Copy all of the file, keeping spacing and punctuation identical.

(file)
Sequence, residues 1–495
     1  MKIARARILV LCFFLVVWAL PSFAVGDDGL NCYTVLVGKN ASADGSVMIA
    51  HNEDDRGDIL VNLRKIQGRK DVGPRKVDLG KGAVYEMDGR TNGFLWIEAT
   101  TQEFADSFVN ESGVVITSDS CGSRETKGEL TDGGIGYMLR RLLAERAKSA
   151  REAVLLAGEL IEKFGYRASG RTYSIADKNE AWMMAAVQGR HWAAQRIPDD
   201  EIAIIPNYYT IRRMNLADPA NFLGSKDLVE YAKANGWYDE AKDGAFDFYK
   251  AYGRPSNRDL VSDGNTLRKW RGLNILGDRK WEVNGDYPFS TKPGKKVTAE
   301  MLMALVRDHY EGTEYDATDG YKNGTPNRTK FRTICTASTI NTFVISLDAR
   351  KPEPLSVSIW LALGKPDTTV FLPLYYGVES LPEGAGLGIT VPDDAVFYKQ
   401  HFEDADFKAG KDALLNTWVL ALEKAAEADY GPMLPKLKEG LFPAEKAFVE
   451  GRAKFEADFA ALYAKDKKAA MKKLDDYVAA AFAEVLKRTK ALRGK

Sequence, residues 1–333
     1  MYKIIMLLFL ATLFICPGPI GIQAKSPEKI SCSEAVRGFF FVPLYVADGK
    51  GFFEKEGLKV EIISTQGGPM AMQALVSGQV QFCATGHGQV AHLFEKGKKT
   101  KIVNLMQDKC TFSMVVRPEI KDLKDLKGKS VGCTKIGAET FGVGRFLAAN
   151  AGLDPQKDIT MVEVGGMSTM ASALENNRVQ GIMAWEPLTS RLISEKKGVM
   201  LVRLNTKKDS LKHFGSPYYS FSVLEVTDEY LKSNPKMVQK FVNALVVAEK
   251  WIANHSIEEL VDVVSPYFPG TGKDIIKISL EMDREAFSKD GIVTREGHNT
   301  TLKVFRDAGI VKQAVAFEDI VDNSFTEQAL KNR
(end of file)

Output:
Sequence, residues 1–495
     1  MKIARARILV LCFFLVVWAL PSFAVGDDGL NCYTVLVGKN ASADGSVMIA
    51  HNEDDRGDIL VNLRKIQGRK DVGPRKVDLG KGAVYEMDGR TNGFLWIEAT
   101  TQEFADSFVN ESGVVITSDS CGSRETKGEL TDGGIGYMLR RLLAERAKSA
   151  REAVLLAGEL IEKFGYRASG RTYSIADKNE AWMMAAVQGR HWAAQRIPDD
   201  EIAIIPNYYT IRRMNLADPA NFLGSKDLVE YAKANGWYDE AKDGAFDFYK
   251  AYGRPSNRDL VSDGNTLRKW RGLNILGDRK WEVNGDYPFS TKPGKKVTAE
   301  MLMALVRDHY EGTEYDATDG YKNGTPNRTK FRTICTASTI NTFVISLDAR
   351  KPEPLSVSIW LALGKPDTTV FLPLYYGVES LPEGAGLGIT VPDDAVFYKQ
   401  HFEDADFKAG KDALLNTWVL ALEKAAEADY GPMLPKLKEG LFPAEKAFVE
   451  GRAKFEADFA ALYAKDKKAA MKKLDDYVAA AFAEVLKRTK ALRGK

Sequence, residues 1–333
     1  MYKIIMLLFL ATLFICPGPI GIQAKSPEKI SCSEAVRGFF FVPLYVADGK
    51  GFFEKEGLKV EIISTQGGPM AMQALVSGQV QFCATGHGQV AHLFEKGKKT
   101  KIVNLMQDKC TFSMVVRPEI KDLKDLKGKS VGCTKIGAET FGVGRFLAAN
   151  AGLDPQKDIT MVEVGGMSTM ASALENNRVQ GIMAWEPLTS RLISEKKGVM
   201  LVRLNTKKDS LKHFGSPYYS FSVLEVTDEY LKSNPKMVQK FVNALVVAEK
   251  WIANHSIEEL VDVVSPYFPG TGKDIIKISL EMDREAFSKD GIVTREGHNT
   301  TLKVFRDAGI VKQAVAFEDI VDNSFTEQAL KNR